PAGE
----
The highest rank possible is 8-dan. Each year, fewer than 1% of people who take the test are able to pass, making it one of the hardest tests in the world. Rather than letting that be a discouragement, be excited to know that you’ll never get bored with kendo, especially as you gain more and more experience.

Does kendo hurt?

In kendo, there are four valid targets participants can strike.

We train to hit only those specific spots, which are protected by the bogu (armor). This helps to avoid a lot of the injuries that are common in other full contact sports. When done right, there should be no direct pain from getting hit. That said, if someone misses the target, people can get bruises, or worse, from getting hit in the wrong spot.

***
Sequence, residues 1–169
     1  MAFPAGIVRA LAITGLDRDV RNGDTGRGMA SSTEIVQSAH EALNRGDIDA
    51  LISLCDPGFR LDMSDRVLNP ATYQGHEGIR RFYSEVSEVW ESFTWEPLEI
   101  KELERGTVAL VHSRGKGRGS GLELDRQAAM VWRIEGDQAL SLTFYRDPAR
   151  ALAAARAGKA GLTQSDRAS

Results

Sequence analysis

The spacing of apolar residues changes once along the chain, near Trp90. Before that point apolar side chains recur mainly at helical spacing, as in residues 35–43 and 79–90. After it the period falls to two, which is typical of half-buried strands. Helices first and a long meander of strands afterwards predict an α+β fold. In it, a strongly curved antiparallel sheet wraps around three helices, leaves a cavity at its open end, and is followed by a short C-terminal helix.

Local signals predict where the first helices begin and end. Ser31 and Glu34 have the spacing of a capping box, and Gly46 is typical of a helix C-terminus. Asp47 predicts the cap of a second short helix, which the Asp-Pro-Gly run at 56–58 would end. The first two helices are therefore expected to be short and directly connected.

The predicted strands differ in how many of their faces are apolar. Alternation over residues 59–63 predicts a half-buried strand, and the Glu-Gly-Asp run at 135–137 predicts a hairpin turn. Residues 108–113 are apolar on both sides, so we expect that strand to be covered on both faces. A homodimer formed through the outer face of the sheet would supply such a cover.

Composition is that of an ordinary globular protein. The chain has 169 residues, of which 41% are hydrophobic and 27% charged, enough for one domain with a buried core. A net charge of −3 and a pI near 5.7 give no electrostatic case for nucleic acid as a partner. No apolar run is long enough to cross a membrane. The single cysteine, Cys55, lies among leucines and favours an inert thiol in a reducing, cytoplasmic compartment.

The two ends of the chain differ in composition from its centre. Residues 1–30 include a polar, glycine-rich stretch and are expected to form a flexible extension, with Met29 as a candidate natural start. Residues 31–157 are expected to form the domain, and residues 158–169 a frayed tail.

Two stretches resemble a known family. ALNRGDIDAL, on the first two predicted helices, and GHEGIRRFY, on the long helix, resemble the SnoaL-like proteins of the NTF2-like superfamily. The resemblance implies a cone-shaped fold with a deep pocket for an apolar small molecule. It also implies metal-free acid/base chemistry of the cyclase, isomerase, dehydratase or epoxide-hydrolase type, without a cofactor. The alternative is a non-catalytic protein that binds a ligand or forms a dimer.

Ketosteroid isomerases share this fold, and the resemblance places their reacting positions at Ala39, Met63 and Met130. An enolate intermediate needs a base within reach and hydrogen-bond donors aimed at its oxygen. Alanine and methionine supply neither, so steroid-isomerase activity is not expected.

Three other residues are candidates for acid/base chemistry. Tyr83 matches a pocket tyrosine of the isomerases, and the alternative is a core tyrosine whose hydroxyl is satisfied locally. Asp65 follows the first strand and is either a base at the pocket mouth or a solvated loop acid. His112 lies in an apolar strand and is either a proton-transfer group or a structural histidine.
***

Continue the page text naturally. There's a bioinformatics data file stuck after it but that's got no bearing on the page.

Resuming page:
But like any martial art or sport, there is potential for injury, though we practice in ways that help to mitigate this risk.

As a beginner, though, the most likely injury you’ll get is going to be blisters on your hands and feet from swinging the sword and doing footwork.

Is Kendo a martial art that is good for self-defense?

Not really!

Instead of fighting and self defense, kendo is really more about cultivating yourself. Kendo is about self-discipline, becoming a better person, and cultivating your mind and body. At Kenchikai, we also cherish our community of members, and become close friends through our practice with each other.

Do I need to be in amazing shape to do kendo?

Anyone, no matter your physical shape, can start kendo. We ease students into the full practice by taking them through the Kendo Basics course first before letting them join the full practice. Even then, it takes a few months before you’re ready to wear bogu (armor). In the long term as one progresses, kendo becomes less and less physical as it becomes more about efficiency of movement, not to mention the mental side of things.